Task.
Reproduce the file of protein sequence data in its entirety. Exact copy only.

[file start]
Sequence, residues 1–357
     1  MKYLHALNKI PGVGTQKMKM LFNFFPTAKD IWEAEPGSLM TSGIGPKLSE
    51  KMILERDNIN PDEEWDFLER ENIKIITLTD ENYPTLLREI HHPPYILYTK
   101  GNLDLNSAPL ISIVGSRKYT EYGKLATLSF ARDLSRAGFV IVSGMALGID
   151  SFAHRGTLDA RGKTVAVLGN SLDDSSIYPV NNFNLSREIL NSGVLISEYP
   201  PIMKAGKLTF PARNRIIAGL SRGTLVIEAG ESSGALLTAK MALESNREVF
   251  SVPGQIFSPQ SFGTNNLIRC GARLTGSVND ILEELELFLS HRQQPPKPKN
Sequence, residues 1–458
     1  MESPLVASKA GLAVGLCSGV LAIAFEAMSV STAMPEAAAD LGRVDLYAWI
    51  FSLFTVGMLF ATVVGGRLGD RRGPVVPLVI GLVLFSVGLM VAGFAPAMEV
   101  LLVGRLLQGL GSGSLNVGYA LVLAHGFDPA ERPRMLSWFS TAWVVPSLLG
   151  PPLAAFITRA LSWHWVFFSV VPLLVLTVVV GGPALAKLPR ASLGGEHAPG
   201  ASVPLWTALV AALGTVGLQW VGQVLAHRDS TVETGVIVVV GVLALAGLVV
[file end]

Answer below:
Sequence, residues 1–357
     1  MKYLHALNKI PGVGTQKMKM LFNFFPTAKD IWEAEPGSLM TSGIGPKLSE
    51  KMILERDNIN PDEEWDFLER ENIKIITLTD ENYPTLLREI HHPPYILYTK
   101  GNLDLNSAPL ISIVGSRKYT EYGKLATLSF ARDLSRAGFV IVSGMALGID
   151  SFAHRGTLDA RGKTVAVLGN SLDDSSIYPV NNFNLSREIL NSGVLISEYP
   201  PIMKAGKLTF PARNRIIAGL SRGTLVIEAG ESSGALLTAK MALESNREVF
   251  SVPGQIFSPQ SFGTNNLIRC GARLTGSVND ILEELELFLS HRQQPPKPKN
Sequence, residues 1–458
     1  MESPLVASKA GLAVGLCSGV LAIAFEAMSV STAMPEAAAD LGRVDLYAWI
    51  FSLFTVGMLF ATVVGGRLGD RRGPVVPLVI GLVLFSVGLM VAGFAPAMEV
   101  LLVGRLLQGL GSGSLNVGYA LVLAHGFDPA ERPRMLSWFS TAWVVPSLLG
   151  PPLAAFITRA LSWHWVFFSV VPLLVLTVVV GGPALAKLPR ASLGGEHAPG
   201  ASVPLWTALV AALGTVGLQW VGQVLAHRDS TVETGVIVVV GVLALAGLVV